Club Is Part Of Anti-Gang Strategy
Thursday, October 6, 2005
Herndon Police Chief Toussaint E. Summers Jr. stood in front of about 30 students at the town's Hutchison Elementary School on Monday morning and asked for a show of hands. "Does anyone know someone who's involved in a gang?"
About a half-dozen hands inched up. "Not too many," he said. "That's good." Summers, who also heads the Northern Virginia Regional Gang Task Force, was afraid that at least half the kids in the room would raise their hands.
Gang-related crime has crept into every corner of this once rural town. A 17-year-old Herndon youth was shot to death last year by a gang member on a bicycle. Teenagers have been involved in countless gang crimes as the epidemic has spread across Northern Virginia.
So Summers was pleased to be present for a kick-off event for a new Boys & Girls Club extension that began operating Tuesday at Hutchison Elementary. The club will initially provide an after-school outlet for 30 children in grades four to six from 3 to 6:15 p.m. every Tuesday, Wednesday and Thursday. The club hopes to have a five-day schedule soon.
Hutchison's is the second Boys & Girls Club in Fairfax; the other is in the Culmore area near Baileys Crossroads. With $1 million in funding plus $2 million in advertising and other support from cable provider Cox Communications, the Boys & Girls Clubs of Greater Washington plans to open four more clubs in Fairfax County by the end of next year.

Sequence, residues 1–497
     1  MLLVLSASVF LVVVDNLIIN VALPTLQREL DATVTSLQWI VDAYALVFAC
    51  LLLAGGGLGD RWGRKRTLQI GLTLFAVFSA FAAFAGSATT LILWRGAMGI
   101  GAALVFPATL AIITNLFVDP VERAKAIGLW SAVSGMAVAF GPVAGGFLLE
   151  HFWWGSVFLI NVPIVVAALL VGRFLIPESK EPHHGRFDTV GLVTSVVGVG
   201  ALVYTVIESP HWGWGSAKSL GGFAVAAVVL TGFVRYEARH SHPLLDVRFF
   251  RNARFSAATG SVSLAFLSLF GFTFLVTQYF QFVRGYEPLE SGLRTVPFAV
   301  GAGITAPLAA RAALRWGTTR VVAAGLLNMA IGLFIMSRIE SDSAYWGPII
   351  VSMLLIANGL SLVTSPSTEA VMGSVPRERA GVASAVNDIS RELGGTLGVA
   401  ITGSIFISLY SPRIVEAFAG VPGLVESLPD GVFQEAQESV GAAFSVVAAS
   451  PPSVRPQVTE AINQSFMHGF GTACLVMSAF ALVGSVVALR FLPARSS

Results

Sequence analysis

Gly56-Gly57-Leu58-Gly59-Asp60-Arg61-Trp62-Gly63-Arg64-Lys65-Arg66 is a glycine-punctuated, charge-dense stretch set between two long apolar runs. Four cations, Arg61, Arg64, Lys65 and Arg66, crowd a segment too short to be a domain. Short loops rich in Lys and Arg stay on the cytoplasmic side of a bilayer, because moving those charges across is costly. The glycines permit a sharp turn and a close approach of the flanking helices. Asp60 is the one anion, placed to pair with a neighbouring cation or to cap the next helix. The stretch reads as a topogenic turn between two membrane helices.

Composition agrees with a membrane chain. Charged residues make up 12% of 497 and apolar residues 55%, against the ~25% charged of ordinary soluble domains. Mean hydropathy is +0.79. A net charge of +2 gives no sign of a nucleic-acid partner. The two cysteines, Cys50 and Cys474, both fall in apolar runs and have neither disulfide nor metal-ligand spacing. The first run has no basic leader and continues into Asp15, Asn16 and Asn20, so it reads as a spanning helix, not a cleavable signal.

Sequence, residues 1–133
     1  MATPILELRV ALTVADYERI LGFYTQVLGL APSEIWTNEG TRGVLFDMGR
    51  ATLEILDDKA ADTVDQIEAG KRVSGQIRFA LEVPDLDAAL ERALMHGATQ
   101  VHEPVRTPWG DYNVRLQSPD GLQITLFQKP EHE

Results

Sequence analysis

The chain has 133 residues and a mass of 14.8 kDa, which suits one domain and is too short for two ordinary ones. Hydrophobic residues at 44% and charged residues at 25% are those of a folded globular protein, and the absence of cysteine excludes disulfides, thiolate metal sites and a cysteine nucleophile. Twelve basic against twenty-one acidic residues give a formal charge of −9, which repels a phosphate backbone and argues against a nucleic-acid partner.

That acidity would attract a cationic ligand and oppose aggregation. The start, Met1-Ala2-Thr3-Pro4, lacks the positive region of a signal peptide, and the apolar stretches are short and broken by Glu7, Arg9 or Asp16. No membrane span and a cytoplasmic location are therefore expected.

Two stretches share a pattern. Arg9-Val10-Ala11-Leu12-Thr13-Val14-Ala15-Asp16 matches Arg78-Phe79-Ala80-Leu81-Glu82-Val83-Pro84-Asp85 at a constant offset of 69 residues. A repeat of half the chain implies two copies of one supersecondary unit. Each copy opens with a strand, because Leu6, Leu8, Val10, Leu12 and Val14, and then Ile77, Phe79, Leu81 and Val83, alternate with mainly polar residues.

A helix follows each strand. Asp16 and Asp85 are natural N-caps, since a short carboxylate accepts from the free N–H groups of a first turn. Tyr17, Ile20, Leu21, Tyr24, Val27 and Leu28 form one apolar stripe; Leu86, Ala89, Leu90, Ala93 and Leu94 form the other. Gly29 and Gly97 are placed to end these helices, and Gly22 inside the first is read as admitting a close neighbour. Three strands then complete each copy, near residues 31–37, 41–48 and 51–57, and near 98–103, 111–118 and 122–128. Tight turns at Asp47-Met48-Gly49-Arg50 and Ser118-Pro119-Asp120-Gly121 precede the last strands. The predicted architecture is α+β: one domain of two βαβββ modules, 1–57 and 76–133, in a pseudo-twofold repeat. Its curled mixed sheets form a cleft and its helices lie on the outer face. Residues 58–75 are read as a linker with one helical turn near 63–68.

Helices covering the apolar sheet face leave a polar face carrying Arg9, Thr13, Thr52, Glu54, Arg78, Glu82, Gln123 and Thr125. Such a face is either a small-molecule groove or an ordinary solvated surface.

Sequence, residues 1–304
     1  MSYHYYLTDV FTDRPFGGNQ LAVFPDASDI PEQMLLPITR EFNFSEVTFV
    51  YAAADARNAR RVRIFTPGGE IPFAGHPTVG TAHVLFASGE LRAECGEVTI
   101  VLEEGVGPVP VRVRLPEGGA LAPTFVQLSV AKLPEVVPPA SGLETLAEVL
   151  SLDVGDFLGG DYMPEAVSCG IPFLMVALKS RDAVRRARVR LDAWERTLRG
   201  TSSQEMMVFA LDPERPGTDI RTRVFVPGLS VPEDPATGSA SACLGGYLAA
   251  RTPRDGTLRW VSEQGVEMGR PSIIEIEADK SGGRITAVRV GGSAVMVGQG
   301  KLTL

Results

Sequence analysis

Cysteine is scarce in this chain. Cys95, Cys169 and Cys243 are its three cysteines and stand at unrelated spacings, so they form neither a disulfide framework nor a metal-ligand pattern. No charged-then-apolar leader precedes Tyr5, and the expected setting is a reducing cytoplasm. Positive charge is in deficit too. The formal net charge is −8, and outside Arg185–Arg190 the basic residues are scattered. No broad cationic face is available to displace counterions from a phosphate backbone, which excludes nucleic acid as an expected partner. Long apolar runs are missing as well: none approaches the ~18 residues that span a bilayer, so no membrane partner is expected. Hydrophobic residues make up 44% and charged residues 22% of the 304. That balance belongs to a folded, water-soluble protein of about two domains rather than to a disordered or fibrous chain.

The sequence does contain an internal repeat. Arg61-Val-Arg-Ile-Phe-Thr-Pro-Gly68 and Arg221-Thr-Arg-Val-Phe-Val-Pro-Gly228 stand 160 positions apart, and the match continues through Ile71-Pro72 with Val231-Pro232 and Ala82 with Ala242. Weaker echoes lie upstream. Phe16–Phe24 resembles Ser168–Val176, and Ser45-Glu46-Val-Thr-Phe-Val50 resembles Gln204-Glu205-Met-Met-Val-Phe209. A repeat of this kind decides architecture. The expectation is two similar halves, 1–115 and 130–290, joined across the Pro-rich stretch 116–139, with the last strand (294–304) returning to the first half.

The clubs focus first on school, helping kids keep pace with their classes and homework.
They also provide opportunities to play sports and music, learn about nutrition and art, and understand how to resist pressure to join gangs or take drugs, said Wonhee Kang, who is overseeing the Culmore and Hutchison programs.
Herndon Mayor Michael L. O'Reilly said that 95 percent of the children who participated in the Culmore club had improved their grades over the previous year.
"The town believes this will decrease the likelihood of kids joining gangs and provide a place for children to go after school," O'Reilly said.
Hutchison Principal Sheila Kearney said her school already had a number of outreach programs in which community members try to steer students in a safe direction. She said Fairfax County police officers regularly sit down for lunch with small groups of children to build trust and show them they can talk with police.
"Rarely are our children directly involved in gangs," Kearney said, "but it's in their environment." She said school leaders had specifically selected 30 students who are not necessarily poor but are "children we know could use support."
Almost half of Hutchison's students qualify for free or reduced-price lunches, a statistic often used to gauge the wealth of an area. About a third of the school's children are Hispanic, Kearney said, and students from 60 countries have attended Hutchison in recent years.